Please comment on this curriculum, using these questions as a guide.

What’s included in the curriculum? It would be great to have scope and sequence here, or at least a link to the publisher’s website that provides this information.

Who produces/writes the material?

What workshops are offered?

What’s the format of each lesson?

How can it be obtained/purchased? What’s the cost?

What do you like about it?

What could be improved?

How do you use it?

How do you adapt it?
Original Post
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PowerXpress Curriculum Reviews

JanS
"Humble Servant of the WoRM"
posted September 17, 2002

I think PowerXpress has a lot to recommend it.
When I was looking at curriculum my church "test taught" a unit and we thought it was well done in many ways.
Here are the reasons we did not choose it:
1. It seemed a bit simplistic and did not have the creativity we were looking for.
2. All 8 workshops must be purchases each unit, which seemed wasteful if we only wanted to do 4 or 5 workshops. That did not leave me the flexibility I wanted to purchase some workshops and perhaps write some of my own.
3. The scope and sequence was still a bit limited, so I did not have a strong sense of where the material would be going over the course of 5 or 6 years.
The truth is however, that there is no such thing as a perfect curriculum no matter what anyone tells you.
You have to evaluate material according to what your particular needs are in your congregation.

************
Neil MacQueen
Rotation.org Mechanic
"Mythic WoRM Warrior"
posted September 17, 2002

There WAS a discussion on this subject but it got nuked in a freak message board software accident last month. The summary of that discussion was similar to what Jan just wrote you: there is no perfect curriculum, each will appeal to different types of situations and needs. PowerXpress (UMPH) received decent reviews, as did Firelight (Augsburg) and Cornerstones. Each had listed deficiencies. Each offers SAMPLES. I don't recall the review on Potter's Workshop.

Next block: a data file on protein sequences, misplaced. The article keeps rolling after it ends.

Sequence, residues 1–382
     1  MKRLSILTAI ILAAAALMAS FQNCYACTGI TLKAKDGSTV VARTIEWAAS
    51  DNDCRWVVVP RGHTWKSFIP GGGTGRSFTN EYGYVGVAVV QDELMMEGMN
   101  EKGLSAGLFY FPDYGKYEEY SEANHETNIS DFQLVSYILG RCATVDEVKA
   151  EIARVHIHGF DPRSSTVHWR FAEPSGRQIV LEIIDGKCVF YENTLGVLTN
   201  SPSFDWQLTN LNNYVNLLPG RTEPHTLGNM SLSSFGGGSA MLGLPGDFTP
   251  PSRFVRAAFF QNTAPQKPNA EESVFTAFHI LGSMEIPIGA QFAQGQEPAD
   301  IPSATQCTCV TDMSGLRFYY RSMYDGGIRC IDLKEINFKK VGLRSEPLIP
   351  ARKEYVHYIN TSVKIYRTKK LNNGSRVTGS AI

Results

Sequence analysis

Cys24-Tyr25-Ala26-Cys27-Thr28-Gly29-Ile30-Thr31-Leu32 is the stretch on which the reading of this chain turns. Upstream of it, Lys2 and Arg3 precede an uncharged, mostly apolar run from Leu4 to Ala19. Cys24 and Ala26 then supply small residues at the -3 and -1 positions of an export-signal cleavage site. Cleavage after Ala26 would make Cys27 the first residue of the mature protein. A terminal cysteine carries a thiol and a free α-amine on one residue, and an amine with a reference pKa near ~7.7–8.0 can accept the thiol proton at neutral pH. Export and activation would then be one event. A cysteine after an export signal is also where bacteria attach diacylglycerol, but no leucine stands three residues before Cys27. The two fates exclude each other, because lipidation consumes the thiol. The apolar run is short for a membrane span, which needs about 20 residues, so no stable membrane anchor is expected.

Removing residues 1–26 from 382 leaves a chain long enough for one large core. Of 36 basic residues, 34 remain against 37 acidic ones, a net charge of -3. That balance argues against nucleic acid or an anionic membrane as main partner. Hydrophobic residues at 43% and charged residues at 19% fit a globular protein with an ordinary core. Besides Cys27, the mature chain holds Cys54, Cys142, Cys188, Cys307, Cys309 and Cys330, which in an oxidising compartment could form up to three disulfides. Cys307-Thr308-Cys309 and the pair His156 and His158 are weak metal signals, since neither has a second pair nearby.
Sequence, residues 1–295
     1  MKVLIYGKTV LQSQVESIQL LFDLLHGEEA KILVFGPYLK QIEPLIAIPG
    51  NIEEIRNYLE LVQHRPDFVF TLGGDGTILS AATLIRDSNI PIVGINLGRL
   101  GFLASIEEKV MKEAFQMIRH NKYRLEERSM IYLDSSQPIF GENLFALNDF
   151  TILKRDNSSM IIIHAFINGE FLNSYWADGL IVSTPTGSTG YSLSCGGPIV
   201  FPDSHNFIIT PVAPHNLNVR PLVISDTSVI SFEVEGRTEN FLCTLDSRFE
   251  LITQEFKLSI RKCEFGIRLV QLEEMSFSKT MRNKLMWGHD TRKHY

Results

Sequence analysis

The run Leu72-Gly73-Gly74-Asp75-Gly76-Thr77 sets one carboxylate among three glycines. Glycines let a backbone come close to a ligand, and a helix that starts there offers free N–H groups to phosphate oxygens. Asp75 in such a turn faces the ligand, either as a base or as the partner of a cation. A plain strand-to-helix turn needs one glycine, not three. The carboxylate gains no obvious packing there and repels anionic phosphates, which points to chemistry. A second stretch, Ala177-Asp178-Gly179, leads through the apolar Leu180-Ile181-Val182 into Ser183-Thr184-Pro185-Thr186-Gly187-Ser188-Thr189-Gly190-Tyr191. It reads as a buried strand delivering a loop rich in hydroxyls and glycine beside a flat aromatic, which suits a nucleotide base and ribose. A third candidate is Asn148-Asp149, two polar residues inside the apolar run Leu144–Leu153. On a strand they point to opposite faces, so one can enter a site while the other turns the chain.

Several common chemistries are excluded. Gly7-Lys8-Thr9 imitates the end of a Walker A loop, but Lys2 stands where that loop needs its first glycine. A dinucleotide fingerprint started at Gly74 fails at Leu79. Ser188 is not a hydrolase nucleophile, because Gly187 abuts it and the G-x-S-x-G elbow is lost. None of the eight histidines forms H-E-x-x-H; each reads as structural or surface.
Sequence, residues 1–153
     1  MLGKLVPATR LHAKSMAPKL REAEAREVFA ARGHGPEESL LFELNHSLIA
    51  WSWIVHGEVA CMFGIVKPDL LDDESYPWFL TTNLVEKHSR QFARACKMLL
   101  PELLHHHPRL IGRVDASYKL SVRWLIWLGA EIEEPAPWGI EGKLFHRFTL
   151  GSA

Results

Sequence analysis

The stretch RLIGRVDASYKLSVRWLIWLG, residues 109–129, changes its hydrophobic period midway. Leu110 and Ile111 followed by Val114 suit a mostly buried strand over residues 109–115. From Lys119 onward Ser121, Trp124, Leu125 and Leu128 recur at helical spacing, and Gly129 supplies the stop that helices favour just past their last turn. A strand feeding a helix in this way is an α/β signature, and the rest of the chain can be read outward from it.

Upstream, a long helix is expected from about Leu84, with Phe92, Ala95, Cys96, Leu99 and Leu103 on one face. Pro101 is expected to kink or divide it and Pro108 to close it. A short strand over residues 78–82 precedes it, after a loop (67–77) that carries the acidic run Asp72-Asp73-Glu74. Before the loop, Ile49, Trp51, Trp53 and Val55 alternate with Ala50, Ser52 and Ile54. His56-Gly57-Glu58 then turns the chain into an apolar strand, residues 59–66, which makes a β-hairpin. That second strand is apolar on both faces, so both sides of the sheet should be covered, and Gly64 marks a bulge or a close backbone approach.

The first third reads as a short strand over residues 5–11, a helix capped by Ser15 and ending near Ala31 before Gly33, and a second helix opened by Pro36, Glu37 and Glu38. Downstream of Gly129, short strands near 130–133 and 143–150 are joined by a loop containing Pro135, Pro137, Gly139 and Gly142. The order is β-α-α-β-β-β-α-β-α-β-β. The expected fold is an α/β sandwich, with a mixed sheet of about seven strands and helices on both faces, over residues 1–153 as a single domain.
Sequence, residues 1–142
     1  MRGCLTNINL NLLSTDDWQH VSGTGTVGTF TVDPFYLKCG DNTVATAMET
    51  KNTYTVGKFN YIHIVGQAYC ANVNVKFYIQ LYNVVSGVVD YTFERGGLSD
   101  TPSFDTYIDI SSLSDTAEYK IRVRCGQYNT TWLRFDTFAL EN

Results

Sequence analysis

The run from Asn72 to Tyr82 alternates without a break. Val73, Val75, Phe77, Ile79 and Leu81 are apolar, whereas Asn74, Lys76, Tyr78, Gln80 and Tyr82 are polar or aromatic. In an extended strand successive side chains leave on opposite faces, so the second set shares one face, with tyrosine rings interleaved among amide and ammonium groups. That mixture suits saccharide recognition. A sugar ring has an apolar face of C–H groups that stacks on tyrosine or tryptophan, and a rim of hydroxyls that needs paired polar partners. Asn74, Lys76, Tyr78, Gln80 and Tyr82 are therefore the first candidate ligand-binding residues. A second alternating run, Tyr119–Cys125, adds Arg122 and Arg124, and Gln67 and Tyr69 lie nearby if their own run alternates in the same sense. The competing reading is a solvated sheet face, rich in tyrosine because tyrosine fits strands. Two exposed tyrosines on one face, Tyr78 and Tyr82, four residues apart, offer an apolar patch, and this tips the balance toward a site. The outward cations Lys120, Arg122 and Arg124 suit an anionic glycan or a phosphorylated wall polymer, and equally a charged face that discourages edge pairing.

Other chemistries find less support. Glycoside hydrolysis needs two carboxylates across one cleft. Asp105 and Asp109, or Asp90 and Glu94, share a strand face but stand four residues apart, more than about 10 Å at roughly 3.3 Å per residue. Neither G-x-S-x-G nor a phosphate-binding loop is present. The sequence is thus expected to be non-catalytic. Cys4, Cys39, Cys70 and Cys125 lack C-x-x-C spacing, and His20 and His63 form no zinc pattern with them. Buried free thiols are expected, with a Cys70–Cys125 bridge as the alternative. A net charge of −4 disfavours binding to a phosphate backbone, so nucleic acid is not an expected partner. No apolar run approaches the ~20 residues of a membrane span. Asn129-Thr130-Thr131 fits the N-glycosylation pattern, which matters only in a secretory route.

Most using the free lessons here at Rotation.org feel the same way too... it's not what you start with, it's what you put into it.

****************
Cindy Merten
'Defender of the Worm'
posted October 26, 2002

We normally write our own curriculum, but in the last year I have twice used some of Power Xpress materials. The first time was the Pentecost unit, and that one worked well. It gives numerous options for each workshop, so I let the workshop leaders choose what they wanted to do. We used the Dig into the Bible unit over the summer when we combined workshops and needed a break from curriculum writing etc. Some of the Power Xpress units cover more than one story, so you need to check carefully which ones will work for you. The layout is simple to follow, and they offer some good tips for Shepherds and workshop leaders along with a story outline that is helpful to the storytellers.
We've used several Power Xpress lessons over the past few years. No matter which curriculum we use, we generally end up adapting it to fit our theology and our desires for that particlar rotation. Our observations:

1. One BIG downside is that it is not on CD; they mail a paper copy to you--which means you have to wait a week or so for it to arrive. When we rework the lesson we have to type it in manually instead of just cutting and pasting.

2. Some of the lessons have been simplistic so we sometimes need to beef it up a little. Sometimes the material is not enough to fill the time. Since they provide many more stations than we need, we sometimes combine the ideas from several stations to create a lesson long enough for the time.

3. A nice feature is that they give a number of different activities for each station. They generally have ones geared for younger kids, older kids, or all kids.

4. They could use more discussion quesions, especially ones that are more application-related.
quote:
Reply

We began using the rotation model in March 2006. We decided to use PowerXpress began we didn't want to write our own material. Also, a big positive in selling this new idea to the congregation was that we were using United Methodist approved curriculum. There are many positives to the material but we have some frustrations. The biggest ones are in the computer and movie areas. The lessons are written using software and videos no longer available. Then we have to scramble for something else and still write our own lesson. After purchasing 6 sets of software that cost $90 each, then I discover that new units require new software! Also, I searched and searched and finally found a set of the video series on eBay that was recommended. Now I find it isn't used very often. The curriculum people at Cokesbury are very helpful and will tell you which of the older units are in the process of being rewritten and lots of other good info. So if you go with PowerXpress, make sure you call Cokesbury and talk them before planning your scope and sequence. It'll save you a lot of headaches. Overall, I would give this material a thumbs up simply because we didn't want to spend a lot of time writing or adapting other material.
quote:
Originally posted by Gustie77: